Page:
The Los Angeles City Council 7th District race between Monica Rodriguez, 43, and Karo Torossian, 33, was neck-and-neck throughout election night, but Rodriguez slowly pulled ahead and finished the night with about 53 percent of the vote, winning the seat.
The 7th Council District that Rodriguez will represent includes Pacoima, Lake View Terrace, Mission Hills, North Hills, Sunland-Tujunga and Sylmar.
Rodriguez — a resident of Mission Hills — becomes the second woman on the council, joining Nury Martinez who represents Panorama City, Arleta and Van Nuys.
Rodriguez and Torossian fought hard for the open seat in this race that became open when Felipe Fuentes vacated it last year.
It was said that Fuentes had resigned to take a job as a lobbyist. However, the relationship between Fuentes and his constituents had become negative. Those living in the district grew increasingly disappointed with Fuentes, who they had described as “unresponsive” and felt they had received better service when the office of Herb Wesson stepped in to temporarily represent them.
Both Rodriguez and Torossian, who supporters called “El Toro,” emerged as front runners from a 20-candidate field in the primary.
Rodriguez is a former LA City Public Works commissioner who has also worked as an aide for some past council members, while Torossian is the director of planning and environment for Councilman Paul Krekorian.
The race became a showdown to the end, and Rodriguez’ camp was accused more than once of illegal campaign practices.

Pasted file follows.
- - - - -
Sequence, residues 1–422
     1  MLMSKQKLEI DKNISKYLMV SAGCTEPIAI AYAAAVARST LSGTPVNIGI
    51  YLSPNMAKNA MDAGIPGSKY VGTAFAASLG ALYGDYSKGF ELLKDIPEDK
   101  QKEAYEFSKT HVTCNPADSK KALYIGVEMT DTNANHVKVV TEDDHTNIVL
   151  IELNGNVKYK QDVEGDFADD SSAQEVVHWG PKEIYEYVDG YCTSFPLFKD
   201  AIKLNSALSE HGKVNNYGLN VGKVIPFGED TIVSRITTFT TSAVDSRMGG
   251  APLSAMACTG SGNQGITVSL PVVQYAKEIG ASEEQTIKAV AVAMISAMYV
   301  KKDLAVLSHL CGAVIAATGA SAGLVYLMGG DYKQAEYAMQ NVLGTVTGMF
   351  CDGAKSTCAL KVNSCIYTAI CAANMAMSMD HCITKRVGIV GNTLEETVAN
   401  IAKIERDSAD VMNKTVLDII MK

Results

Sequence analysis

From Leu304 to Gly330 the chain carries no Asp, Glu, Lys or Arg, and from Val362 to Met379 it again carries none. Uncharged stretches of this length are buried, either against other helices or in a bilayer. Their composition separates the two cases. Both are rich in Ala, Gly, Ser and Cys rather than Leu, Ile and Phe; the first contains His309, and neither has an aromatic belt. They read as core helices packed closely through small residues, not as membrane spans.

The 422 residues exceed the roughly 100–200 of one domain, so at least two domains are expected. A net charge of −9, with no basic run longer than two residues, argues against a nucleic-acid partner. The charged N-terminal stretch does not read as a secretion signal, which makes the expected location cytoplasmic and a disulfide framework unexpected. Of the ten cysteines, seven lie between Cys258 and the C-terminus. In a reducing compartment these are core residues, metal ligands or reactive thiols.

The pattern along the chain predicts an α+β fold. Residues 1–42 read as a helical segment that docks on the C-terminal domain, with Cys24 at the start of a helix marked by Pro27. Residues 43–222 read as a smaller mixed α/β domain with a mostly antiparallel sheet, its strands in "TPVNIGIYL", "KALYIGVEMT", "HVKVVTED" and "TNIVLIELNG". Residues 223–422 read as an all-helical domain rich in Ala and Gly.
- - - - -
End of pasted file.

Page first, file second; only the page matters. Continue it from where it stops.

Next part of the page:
Torossian had received Krekorian’s endorsement, while Rodriguez was endorsed by Mayor Garcetti and received financial backing from that political relationship. She had the fundraising support from the mayor’s longtime political advisor Rick Jacobs. Garcetti appointed Rodriguez to the Board of Public Works.
The environment and high-speed rail were among the major concerns in the district, and although Torossian late in the campaign won the support from SAFE — the organization actively fighting against the High-Speed Rail project — it wasn’t enough for him to win. Torossian had already been involved in these issues and his work was more well known to voters in the Sunland Tujunga area.
Rodriguez, appealed to many voters in the Northeast valley’s Latino community.
In addition to voters’ concerns with the proposed route of the California bullet train currently proposed to go through areas of the district and potentially impact the environment and communities, Rodriguez will face tough issues that include crime, homelessness, and illegal dumping.
Torossian, a Tujunga resident, opposed the rail project outright. Rodriguez supports high-speed rail, but said the route should connect Palmdale to downtown Los Angeles, rather than going through the district.